Next we ordered some typical entrees and some not as typical.  On the menu were general Tso's chicken, sweet and sour pork, walnut chicken,  kung pao chicken, and two dishes involving wide rice noodles and beef.  Now, all the food was good.  But the things that stand out the most to me were the two things that are probably most common in your everyday, run of the mill, please the white people Chinese food buffet.  The genral Tso's chicken and the sweet and sour pork were superb. 

     First, let me turn my attention to the sweet and sour pork.  This sweet and sour pork was not your typical greasing fried  pork nuggets smothered in glow in the dark, fluorescent pink sauce.  Oh no, this dish was made with real culinary effort.  The pork was slice thin and probably just dusted with flour before fried and then covered in a pungent sauce based on honey.  Sweet and sour, yes, but not like anything you've ever had before.

     Next is the general Tso's chicken.  This chicken was the quintessential definition of juicy moist inside with a crunchy, crispy outside.  The sauce was absolute magic.  Thick enough to be a sauce, but not so thick it could be considered pudding.  It was tangy, spicy, and sweet all at the same time. Each bite was pure delight.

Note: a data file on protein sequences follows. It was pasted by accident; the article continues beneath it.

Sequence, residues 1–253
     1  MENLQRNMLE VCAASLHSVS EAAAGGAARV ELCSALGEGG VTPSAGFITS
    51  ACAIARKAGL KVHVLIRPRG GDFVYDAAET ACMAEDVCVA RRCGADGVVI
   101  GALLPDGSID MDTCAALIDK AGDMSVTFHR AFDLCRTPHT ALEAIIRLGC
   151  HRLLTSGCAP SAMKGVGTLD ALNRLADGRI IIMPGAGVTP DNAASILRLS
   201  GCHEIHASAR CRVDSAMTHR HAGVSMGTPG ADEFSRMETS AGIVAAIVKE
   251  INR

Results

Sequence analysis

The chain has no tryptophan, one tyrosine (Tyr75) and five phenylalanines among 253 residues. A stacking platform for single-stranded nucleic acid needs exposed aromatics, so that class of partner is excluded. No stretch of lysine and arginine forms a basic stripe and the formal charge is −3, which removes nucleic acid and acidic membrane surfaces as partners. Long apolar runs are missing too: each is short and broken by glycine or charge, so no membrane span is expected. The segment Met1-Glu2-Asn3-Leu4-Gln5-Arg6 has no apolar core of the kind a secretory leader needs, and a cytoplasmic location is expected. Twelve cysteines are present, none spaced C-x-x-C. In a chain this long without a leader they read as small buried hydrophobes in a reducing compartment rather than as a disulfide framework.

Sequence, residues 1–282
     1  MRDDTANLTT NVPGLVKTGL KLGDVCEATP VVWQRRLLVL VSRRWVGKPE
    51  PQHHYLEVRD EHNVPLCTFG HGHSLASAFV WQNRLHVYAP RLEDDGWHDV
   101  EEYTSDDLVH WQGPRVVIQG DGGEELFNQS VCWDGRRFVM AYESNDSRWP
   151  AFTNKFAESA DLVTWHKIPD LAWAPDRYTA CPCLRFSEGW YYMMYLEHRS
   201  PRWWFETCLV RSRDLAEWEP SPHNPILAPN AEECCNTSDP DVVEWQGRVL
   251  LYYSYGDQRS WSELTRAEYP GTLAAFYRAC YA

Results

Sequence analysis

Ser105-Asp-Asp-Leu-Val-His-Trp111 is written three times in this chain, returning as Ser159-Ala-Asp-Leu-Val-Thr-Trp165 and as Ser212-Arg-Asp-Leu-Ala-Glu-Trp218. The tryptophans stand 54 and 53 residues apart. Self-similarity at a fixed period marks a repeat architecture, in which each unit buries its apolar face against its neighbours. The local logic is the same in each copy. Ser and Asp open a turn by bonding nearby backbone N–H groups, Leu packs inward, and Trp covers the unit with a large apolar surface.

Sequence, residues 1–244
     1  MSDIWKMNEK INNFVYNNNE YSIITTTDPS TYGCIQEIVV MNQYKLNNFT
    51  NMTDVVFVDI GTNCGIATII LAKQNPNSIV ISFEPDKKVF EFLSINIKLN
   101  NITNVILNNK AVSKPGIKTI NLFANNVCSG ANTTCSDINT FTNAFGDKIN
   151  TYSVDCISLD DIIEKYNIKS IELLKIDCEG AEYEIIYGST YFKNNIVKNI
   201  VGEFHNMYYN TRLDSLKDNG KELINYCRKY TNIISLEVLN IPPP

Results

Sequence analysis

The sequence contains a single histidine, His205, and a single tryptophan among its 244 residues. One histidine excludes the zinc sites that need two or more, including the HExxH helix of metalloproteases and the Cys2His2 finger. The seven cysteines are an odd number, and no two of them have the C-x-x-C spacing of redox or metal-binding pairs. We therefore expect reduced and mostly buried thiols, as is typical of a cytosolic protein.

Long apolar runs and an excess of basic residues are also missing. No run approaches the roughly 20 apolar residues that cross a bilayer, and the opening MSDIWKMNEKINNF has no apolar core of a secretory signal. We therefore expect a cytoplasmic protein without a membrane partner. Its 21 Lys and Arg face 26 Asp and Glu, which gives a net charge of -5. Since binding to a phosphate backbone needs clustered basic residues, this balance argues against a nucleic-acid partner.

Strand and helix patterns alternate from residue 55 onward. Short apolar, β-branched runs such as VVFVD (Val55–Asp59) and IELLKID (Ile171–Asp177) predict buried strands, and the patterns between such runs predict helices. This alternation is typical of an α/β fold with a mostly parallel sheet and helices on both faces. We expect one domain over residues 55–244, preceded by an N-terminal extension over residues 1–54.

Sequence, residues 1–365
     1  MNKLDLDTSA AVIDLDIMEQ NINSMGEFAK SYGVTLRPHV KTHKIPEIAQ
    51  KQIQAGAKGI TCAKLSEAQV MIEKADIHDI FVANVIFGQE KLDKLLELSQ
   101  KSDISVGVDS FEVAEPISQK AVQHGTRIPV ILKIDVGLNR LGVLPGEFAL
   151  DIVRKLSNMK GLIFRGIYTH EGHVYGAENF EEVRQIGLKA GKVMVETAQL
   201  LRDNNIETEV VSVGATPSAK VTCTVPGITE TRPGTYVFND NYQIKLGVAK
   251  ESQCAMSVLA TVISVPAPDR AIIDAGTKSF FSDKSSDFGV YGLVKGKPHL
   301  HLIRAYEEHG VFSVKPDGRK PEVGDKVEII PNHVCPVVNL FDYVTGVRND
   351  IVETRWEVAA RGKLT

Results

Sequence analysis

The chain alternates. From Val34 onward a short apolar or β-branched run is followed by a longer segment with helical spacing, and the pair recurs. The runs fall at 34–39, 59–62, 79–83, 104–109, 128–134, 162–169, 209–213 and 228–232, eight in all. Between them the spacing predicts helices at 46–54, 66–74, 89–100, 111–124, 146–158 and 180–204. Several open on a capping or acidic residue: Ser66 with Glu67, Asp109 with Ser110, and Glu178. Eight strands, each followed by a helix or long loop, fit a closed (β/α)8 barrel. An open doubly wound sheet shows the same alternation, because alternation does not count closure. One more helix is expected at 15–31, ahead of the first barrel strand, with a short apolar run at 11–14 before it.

I don't think I have ever enjoyed Chinese food as much as I have before I went to this place. In fact, I must return because I don't know if ordinary Chinese food will do now.  If nothing else, the soup dumplings make the trip worth it.

  Fu Fu Cafe on Urbanspoon

Saturday, July 7, 2007

Deliciously Decadent

Today at work we created something deliciously decadent.  What is better than a perfectly grilled steak?  How about a perfectly grilled steak topped with a chile lime butter?  Yeah, that would be good, but what if you added lump crab meat tossed in more chile lime butter?  That would be a version of surf and turf so good it would be outlawed in the deep south.  The moist and juicy beef played the perfect canvas to the topping of crab, butter, chile and lime juice.  The sweetness of the crabmeat masterfully combines with the acidity of the lime juice and spiciness of the chiles.  One would think that the two together would be too rich, but the combo was quite good.  I can't say it was light, but it was not overwhelming.    The way to make this is quite easy.  Make your chile lime butter ahead of time (recipe to follow).  Grill your sirlion to your preference seasoned only with salt and pepper.  As you turn your steak to grill the other side, put a couple of dollops of the butter over the steak.  If you don't have a grill, you can do this under the broiler.  When your steak is done cooking and resting, add a little bit of the butter to a saute pan and let it heat up.  Toss about 1/4 to a 1/2 pound of lump crab meat with the melted butter so that the meat heats up, then top your steak with it and enjoy.